The first museum I came across on my initial city walk in Vienna was the Albertina. I hadn't planned on visiting, but after seeing the great advertising display on the stairs, I decided I had to pop in. I was well rewarded with perhaps the strongest show of the year for me thus far - an exhibition of Egon Schiele's drawings and graphic work. I had seen Egon Schiele: The Radical Nude at the Royal Academy in 2015 (here), but this show was much more comprehensive.
Egon Schiele is a large retrospective featuring 160 of the artists gouaches and drawings which currently occupies the whole of the first floor of the Albertina complex. The drawings are fantastically raw and expressionistic. The premise of the show was to illustrate just how out of sync Schiele's work was with fin de siècle Viennese society of the time. Schiele was one of the first artists to attempt to portray the intense psychological state of his sitters as well as their physical characteristics. Vienna during the same period coincidentally, was also home to Sigmund Freud, founder of the concept of psychoanalysis whose ideas were still being developed during this period.
Egon Schiele (1890- 1918), was born in Tulln an de Donau near Vienna, and his natural draughtsmanship was noticed and encouraged at an early age. After some formal training in Vienna, Schiele sought out Gustav Klimt whose work he greatly admired, and a strong relationship developed in which Klimt became a mentor who introduced Schiele to life models, important patrons, and the work of other avant garde artists such as Munch and Van Gogh. Schiele then moved away from the more decorative Jugendstil stylings of Klimt, and began to develop his own visual language in which figures became more angular, and distorted, with a more sombre colour palette. Klimt and Schiele would to remain close friends though until Klimt's death in 1918.
Schiele's drawing technique is quite wonderful. Superb draughtsmanship is augmented by loose, textural brushwork. This is then worked into whilst wet with a pointed tool - perhaps the end of his paintbrush - to give a negative as well as positive line. There are also little bursts of colour to draw the viewers eye to areas such as the mouths, nipples and genitals.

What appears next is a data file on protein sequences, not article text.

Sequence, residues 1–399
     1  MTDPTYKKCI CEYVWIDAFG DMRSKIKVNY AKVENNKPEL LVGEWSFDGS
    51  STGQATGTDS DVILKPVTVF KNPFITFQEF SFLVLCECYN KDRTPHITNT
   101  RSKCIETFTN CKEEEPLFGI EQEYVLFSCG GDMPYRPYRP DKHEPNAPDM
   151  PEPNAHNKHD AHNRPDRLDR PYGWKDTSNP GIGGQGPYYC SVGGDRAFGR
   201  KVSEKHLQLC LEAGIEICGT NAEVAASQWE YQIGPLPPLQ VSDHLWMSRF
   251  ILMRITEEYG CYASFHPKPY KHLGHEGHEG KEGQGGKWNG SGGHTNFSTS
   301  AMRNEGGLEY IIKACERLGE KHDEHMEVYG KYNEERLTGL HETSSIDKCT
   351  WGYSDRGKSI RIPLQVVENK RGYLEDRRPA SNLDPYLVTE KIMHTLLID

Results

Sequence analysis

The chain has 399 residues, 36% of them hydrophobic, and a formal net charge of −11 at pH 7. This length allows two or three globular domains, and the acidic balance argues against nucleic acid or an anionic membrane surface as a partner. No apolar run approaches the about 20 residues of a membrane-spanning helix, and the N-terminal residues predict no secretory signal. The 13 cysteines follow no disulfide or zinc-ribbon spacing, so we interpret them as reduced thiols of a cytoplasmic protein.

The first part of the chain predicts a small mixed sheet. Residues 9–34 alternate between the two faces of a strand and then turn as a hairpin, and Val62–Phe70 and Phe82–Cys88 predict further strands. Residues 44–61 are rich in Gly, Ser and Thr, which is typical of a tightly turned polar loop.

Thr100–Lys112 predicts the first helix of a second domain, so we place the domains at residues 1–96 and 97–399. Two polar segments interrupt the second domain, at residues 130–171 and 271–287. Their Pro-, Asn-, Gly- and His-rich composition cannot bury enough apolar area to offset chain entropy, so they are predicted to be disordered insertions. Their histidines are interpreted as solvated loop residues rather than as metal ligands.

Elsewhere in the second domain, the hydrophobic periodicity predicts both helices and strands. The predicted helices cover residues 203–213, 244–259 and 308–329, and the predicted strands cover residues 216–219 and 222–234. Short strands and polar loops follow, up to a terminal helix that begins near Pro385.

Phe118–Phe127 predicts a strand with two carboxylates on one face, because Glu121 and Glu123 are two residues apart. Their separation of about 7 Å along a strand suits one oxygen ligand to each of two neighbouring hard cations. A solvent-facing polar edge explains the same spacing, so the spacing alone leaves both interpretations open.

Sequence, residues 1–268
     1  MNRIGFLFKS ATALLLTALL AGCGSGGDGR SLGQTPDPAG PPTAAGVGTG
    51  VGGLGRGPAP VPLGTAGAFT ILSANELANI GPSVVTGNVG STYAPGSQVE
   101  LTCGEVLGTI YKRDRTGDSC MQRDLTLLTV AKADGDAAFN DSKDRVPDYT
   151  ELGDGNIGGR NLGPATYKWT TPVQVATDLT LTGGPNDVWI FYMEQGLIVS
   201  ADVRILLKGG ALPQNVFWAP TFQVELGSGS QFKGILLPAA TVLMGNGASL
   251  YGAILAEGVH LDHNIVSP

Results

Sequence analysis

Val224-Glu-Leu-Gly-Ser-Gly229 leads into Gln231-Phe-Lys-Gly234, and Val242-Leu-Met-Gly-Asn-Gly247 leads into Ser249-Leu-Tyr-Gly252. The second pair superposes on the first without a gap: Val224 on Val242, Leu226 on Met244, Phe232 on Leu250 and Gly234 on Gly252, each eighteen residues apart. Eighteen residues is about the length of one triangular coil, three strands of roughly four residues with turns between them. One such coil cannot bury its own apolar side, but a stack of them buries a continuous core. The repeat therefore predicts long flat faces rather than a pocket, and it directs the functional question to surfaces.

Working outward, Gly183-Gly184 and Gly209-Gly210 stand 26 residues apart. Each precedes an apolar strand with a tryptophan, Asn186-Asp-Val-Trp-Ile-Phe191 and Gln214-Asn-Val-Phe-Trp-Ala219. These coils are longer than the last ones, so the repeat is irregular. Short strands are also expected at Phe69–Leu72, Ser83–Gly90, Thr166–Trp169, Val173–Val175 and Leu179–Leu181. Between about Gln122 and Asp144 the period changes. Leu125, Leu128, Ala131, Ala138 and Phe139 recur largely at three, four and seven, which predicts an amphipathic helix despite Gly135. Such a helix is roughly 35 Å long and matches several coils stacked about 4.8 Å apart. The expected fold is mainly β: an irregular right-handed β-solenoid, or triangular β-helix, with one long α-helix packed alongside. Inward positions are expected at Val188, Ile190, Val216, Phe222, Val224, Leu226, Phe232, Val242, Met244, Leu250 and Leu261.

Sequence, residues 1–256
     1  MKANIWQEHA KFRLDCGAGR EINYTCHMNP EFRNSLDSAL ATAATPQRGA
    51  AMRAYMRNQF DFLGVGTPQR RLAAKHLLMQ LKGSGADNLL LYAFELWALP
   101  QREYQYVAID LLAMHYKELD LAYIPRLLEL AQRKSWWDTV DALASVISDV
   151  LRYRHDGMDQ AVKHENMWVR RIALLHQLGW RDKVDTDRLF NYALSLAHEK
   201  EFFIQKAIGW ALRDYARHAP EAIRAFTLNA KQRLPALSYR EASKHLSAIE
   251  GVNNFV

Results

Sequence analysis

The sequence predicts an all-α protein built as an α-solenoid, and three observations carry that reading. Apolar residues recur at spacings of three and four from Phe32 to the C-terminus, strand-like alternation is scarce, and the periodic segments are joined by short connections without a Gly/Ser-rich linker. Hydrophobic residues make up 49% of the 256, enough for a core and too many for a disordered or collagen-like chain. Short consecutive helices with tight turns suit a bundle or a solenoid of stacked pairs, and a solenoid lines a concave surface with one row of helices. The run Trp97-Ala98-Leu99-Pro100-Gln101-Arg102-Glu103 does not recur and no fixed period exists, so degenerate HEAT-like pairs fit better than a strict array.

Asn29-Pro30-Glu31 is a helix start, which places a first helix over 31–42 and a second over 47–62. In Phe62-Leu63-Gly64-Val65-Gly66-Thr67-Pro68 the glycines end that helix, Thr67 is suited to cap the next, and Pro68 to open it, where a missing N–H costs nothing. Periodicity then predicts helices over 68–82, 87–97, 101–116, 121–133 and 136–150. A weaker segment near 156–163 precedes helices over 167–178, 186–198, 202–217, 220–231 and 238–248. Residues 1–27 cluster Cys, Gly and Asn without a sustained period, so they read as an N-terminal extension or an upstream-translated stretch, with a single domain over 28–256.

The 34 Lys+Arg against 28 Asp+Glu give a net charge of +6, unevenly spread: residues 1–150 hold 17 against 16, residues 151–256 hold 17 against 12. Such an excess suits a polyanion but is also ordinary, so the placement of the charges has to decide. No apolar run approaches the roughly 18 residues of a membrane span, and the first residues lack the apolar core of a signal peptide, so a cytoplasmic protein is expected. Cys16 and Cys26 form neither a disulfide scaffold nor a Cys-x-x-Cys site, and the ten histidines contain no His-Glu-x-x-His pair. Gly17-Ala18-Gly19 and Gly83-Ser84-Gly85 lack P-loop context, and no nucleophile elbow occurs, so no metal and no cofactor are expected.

The textile print on these shoes is wonderfully decorative, and were worn by Schiele's wife Edith, (portrait above in stripey dress).
Schiele's graphic poster for the 49th Secession is included in the exhibition, as are a number of small photographs of him posing with his familiar stylised hand gestures. It was thought that he adopted these gestures from portraits of Christ that he had seen in books on Byzantine art. In these images the Christ figures appear with index and middle fingers spread apart forming a V. By adopting this pose it is speculated that Schiele is likening himself to Christ, but as a saviour of art.
The exhibition ends on a sad note with this grim death mask of Schiele after having succumbed to the Spanish flu epidemic that ravaged europe in 1918. This really is a remarkable, comprehensive exhibition that charts Schiele's virtuoso draughtsmanship and development from childhood drawings to fully fledged taboo-breaking artist. The exhibition more than adequately demonstrates how at odds Schiele's work was with Viennese society of the period. Although most people interested in Schiele's art will be familiar with many of the drawings, it was a great opportunity to see them in the city and culture where many of them were created. It was also really good to see the drawings in the context of work by Schiele's contemporaries like Gustav Klimt and Koloman Moser. Fantastic as the drawings in this exhibition were though, I would go on to discover even more magnificent examples of Schiele's work in Vienna.
until 18th June